An artist's impression of the giant Alamosaurus, now believed to be the biggest dinosaur ever to have roamed North America.  (c) Mariana Luiz Villareal

An artist's impression of the giant Alamosaurus, now believed to be the biggest dinosaur ever to have roamed North America. (c) Mariana Luiz Villareal

Paleontologists have been familiar with the Alamosaurus for decades since the first fossil sample was discovered in 1922, however previous assessments regarding its size have proved to be inaccurate. A team of researchers, now claims that he Alamosaurus was significantly more massive than originally thought after examining fossils they collected in New Mexico between 2003 and 2006. This would make the giant sauropod the biggest dinosaur so far discovered to have walked across North America.

New insights have the long-necked, long-tailed sauropod which roamed the continent 69 million years ago, at some imposing proportions – 70 tons in weight. If this is true, that’d make Alamosaurus twice as heavy as paleontologists thought it was just a few years ago, claims Denver Fowler, a researcher at Montana State University, and State Museum of Pennsylvania’s Robert Sullivan.

“Over the past 20 years, Argentinean and Brazilian paleontologists have been unearthing bigger and bigger dinosaurs, putting the rest of the world in the shade,” Fowler said in an MSU news release issued Tuesday. “However, our new finds not only show that Alamosaurus is newly recognized as the biggest dinosaur from North America, but also that it was right up there with the biggest South American species: The U.S. is back in the fight for the No.1 spot.”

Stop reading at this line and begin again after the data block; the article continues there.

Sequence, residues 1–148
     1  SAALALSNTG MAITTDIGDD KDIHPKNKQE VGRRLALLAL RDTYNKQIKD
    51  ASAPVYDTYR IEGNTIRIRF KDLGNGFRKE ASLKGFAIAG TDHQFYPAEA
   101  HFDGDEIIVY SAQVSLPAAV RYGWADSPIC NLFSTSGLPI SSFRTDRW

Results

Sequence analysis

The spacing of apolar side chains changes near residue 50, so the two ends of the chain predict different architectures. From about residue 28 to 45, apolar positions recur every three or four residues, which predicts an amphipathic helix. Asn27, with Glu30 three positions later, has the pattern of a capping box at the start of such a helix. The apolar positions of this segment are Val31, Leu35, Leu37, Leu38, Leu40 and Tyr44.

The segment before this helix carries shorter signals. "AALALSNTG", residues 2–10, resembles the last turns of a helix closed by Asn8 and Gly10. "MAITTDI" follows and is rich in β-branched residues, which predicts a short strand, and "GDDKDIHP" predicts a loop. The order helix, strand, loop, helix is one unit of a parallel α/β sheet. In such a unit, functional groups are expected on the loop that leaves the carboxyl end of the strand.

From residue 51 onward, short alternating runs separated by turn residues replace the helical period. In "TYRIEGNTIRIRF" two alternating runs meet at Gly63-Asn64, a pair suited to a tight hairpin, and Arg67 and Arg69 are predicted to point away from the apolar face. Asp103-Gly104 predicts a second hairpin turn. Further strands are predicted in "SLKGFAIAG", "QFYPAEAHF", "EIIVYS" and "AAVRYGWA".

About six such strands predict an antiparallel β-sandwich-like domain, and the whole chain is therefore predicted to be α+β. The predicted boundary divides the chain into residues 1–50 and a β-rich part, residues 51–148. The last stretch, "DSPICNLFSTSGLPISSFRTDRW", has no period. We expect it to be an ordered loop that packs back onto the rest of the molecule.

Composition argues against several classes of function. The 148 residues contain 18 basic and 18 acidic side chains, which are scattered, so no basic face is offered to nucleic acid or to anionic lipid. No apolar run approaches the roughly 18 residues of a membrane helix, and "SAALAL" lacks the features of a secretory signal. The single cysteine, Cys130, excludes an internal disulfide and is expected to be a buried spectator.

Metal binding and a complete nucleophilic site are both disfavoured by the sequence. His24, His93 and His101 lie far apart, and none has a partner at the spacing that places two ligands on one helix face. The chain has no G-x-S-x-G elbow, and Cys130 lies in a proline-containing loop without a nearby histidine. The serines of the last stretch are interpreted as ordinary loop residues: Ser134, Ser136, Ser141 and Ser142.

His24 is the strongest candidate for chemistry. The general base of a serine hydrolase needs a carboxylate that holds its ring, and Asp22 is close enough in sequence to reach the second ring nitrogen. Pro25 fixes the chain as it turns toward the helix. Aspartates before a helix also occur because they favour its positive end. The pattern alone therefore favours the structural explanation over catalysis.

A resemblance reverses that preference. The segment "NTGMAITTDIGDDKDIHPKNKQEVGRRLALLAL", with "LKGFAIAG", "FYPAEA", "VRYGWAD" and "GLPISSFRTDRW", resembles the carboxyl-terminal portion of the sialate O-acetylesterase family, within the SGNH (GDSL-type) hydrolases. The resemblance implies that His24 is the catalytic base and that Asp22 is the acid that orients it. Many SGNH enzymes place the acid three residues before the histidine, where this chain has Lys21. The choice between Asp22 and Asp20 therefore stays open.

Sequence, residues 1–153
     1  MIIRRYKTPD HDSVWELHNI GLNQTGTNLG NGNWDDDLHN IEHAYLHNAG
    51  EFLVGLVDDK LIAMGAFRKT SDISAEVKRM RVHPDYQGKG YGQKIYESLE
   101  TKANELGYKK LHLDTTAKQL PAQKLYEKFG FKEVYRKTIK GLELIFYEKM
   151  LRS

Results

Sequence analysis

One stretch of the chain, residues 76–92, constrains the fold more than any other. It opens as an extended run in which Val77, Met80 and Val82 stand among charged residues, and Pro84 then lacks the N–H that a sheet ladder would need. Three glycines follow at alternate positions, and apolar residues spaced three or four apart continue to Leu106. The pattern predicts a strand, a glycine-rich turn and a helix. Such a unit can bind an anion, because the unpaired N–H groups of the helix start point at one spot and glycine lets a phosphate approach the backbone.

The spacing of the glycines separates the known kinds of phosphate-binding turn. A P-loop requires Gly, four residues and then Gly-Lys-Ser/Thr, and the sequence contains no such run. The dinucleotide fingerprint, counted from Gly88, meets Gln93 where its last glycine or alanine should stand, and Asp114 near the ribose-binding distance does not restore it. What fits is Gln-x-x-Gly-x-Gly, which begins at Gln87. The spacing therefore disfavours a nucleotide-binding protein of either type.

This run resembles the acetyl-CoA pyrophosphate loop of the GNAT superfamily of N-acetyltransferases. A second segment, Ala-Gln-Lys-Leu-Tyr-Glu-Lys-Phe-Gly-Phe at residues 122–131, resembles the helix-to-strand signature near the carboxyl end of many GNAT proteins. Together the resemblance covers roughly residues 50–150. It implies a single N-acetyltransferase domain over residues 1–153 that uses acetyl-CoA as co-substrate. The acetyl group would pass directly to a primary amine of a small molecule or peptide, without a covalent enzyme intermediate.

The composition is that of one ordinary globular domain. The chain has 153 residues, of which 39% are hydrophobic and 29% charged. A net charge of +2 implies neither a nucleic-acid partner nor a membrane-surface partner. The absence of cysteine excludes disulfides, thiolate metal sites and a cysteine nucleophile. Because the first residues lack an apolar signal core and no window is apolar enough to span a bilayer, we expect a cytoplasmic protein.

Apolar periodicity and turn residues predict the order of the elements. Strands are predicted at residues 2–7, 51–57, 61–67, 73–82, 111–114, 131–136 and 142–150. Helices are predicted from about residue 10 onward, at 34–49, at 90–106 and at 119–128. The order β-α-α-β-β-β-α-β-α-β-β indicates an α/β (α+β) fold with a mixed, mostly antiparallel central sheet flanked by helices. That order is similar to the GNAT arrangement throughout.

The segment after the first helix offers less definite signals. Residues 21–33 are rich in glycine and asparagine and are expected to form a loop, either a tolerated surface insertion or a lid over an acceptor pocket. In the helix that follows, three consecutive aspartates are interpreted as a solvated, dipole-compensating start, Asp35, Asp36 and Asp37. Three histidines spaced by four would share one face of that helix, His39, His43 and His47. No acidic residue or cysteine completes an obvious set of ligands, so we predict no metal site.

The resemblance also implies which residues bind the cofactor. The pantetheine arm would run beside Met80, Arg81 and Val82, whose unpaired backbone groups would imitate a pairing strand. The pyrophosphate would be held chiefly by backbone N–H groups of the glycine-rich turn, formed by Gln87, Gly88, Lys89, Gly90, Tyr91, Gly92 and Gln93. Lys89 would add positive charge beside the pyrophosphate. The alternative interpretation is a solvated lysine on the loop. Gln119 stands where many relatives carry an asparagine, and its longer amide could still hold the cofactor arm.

The biggest impediment paleontologists face is fossil records. Large dinosaurs like the Alamosaurus or the Argetinosaurus, the largest dinosaur from South America, have been described so far only from a very limited amount of unearthed fossils. These various fragments do well in aiding scientists in painting a semi-accurate picture of long-gone creatures, however they only offer a tantalizing glimpse of what a complete Alamosaurus might look like, in this case.

“We’d love to find more complete material,” Fowler continued. “Fortunately, Alamosaurus bones are quite common in the Naashoibito of New Mexico, so we have a good chance of going back and finding more, but in order to dig up one of the world’s biggest dinosaurs you need one of the world’s biggest dinosaur digging teams and large digging equipment.”

What’s makes this study even more important, however, is that it shows how inaccurate some of our descriptions of past dinosaurs are.

“Increasingly, we’re finding that very large or small individuals often look very different, and are often described as different species,” Fowler said. “Our findings show that Alamosaurus was originally described based on immature material, and this is a problem as characteristics that define a species are typically only fully gained at adult size. This means that we might be misinterpreting the relationships of Alamosaurus and possibly other sauropod dinosaurs too.”

The researchers’ find was shared in a paper published Dec. 6 in Acta Palaeontologica Polonica.

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